Laura Mulvey and Peter Wollen

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Laura Mulvey and Peter Wollen, AMY! (still), 1980.

An Other Cinema: Apparatus and Histories AMY!
Laura Mulvey and Peter Wollen

33 Minutes
Courtesy of Arsenal, Berlin

September 6–20, 2021

”[The film] was planned to coincide with the fiftieth anniversary of Amy Johnson’s epic solo flight to Australia in 1930—to commemorate it and to comment on it. AMY! is neither a drama nor a portrait in the conventional sense, but an assembly of sounds and images which evoke the subject through historic documents and relics, re-enactments and metaphors. The film also asks the underlying question: What is a heroine? We want to enquire into the idea and image of the heroine, not in an explicitly theoretical way—though the film has a theoretical background—but by putting fragments on display to suggest both the frustrations from which heroism is born and to which it is condemned, and at the same time something of the exhilaration it provides for the heroine herself and for others. Formally, our points of reference are Maya Deren and Gertrude Stein.” (Laura Mulvey and Peter Wollen)

AMY! is presented as part of the program An Other Cinema: Apparatus and Histories, curated by Lukas Brasiskis and designed to precede the online symposium The State of the Moving Image (September 17–19).

For more information, contact program@e-flux.com.

Film, Image, Feminism
Documentary, Experimental Film, Video Art
Return to An Other Cinema: Apparatus and Histories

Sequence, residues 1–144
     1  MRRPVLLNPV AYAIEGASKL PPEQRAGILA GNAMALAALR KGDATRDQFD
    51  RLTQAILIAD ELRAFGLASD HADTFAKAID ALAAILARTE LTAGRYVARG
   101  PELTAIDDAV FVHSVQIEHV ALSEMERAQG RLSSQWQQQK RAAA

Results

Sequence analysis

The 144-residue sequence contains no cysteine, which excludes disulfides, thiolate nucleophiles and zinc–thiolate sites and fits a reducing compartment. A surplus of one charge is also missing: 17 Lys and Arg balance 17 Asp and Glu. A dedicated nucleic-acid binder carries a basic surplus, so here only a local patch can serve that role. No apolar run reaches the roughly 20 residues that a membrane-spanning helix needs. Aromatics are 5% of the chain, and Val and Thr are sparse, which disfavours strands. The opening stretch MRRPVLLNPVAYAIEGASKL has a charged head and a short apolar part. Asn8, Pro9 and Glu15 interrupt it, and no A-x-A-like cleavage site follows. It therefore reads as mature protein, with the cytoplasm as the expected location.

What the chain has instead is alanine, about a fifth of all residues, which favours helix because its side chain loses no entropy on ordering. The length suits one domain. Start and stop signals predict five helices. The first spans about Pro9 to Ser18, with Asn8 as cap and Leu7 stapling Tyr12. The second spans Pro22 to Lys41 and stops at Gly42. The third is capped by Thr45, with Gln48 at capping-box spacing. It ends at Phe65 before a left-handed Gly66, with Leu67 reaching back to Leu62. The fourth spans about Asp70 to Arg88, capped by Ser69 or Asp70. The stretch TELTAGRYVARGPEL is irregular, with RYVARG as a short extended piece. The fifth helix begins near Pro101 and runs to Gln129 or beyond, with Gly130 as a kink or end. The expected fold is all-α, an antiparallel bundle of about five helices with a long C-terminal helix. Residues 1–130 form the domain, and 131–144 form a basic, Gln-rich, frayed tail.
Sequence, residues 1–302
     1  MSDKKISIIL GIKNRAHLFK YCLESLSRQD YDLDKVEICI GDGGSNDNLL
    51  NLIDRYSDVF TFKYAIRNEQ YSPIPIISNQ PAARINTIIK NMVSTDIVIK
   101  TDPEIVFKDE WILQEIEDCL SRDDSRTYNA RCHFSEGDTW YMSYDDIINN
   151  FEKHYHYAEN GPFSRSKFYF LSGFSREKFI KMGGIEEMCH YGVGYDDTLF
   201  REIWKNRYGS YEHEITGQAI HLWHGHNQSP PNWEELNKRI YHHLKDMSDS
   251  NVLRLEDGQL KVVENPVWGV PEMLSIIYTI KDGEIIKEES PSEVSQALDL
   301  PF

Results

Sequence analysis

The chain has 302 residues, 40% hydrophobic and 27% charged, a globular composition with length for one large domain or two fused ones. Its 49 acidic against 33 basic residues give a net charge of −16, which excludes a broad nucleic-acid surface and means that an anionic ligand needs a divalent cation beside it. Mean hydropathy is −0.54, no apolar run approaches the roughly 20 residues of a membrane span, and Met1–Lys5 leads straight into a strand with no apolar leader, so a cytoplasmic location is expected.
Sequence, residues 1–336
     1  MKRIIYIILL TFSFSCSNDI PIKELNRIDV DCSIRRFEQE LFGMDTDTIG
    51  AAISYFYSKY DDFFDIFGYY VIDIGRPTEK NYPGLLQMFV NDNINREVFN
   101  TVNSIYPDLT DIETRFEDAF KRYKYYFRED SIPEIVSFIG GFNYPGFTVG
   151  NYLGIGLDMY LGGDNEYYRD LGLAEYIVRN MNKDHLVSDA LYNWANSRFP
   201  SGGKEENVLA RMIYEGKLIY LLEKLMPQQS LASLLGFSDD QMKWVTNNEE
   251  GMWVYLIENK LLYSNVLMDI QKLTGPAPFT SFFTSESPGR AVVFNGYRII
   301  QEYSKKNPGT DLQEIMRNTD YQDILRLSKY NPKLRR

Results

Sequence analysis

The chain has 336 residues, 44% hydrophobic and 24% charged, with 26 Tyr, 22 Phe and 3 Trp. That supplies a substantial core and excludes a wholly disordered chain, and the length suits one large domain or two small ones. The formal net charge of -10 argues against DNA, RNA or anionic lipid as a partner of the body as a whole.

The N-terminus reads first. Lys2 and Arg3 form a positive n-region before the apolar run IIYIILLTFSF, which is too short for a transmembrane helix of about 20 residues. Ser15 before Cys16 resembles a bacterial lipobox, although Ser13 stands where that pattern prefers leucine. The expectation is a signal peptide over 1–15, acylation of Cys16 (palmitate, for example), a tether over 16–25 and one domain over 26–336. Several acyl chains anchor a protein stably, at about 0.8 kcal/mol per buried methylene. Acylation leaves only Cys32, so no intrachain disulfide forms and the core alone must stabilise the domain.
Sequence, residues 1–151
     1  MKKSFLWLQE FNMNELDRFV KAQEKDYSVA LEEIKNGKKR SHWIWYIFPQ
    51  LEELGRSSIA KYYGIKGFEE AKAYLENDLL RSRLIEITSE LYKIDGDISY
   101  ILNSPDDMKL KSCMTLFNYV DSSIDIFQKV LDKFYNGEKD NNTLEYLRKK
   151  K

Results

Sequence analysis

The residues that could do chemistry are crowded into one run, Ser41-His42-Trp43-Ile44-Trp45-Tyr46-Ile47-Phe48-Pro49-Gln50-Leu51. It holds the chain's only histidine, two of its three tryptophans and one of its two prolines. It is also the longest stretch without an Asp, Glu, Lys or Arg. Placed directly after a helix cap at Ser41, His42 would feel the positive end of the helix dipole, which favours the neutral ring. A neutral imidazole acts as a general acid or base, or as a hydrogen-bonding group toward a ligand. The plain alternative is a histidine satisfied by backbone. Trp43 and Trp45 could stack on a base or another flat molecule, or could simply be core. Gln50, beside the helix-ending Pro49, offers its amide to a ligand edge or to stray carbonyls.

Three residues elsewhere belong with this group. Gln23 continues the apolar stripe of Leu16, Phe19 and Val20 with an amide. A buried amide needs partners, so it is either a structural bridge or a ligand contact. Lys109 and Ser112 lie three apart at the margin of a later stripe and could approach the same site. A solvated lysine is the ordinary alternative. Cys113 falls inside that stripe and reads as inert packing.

Laura Mulvey and Peter Wollen are filmmakers and theorists who collaborated on a number of films between 1974 and 1983. Both educated at Oxford University, their books and essays on cinema developed from the concerns of radical politics and thought in the aftermath of the political upheavals of 1968. Their writings have pioneered the use of semiotic and psycho-analytic frameworks to explore questions of representation in cinema and wider culture, particularly the political and aesthetic issues posed by feminism. Their film collaborations were developed in the context of the Independent Filmmakers’ Association, and attempted to bridge the formalist concerns of British avant-garde filmmakers and the radical political works of film collectives such as Cinema Action in order to “free up cinema for the poetics of theory.” Their trilogy Penthesilea (1974), Riddles of the Sphinx (1977) and AMY! (1980) explored myth and the representation of women, whereas later works ranged from the documentary Frida Kahlo and Tina Modotti (1980) to experimental narratives such as Crystal Gazing (1981) and The Bad Sister (1983). Laura Mulvey lives in London, she is Professor of Film and Media Studies at Birkbeck, University of London. Peter Wollen is Professor Emeritus, School of Theatre, Film and Television, University of California, Los Angeles.


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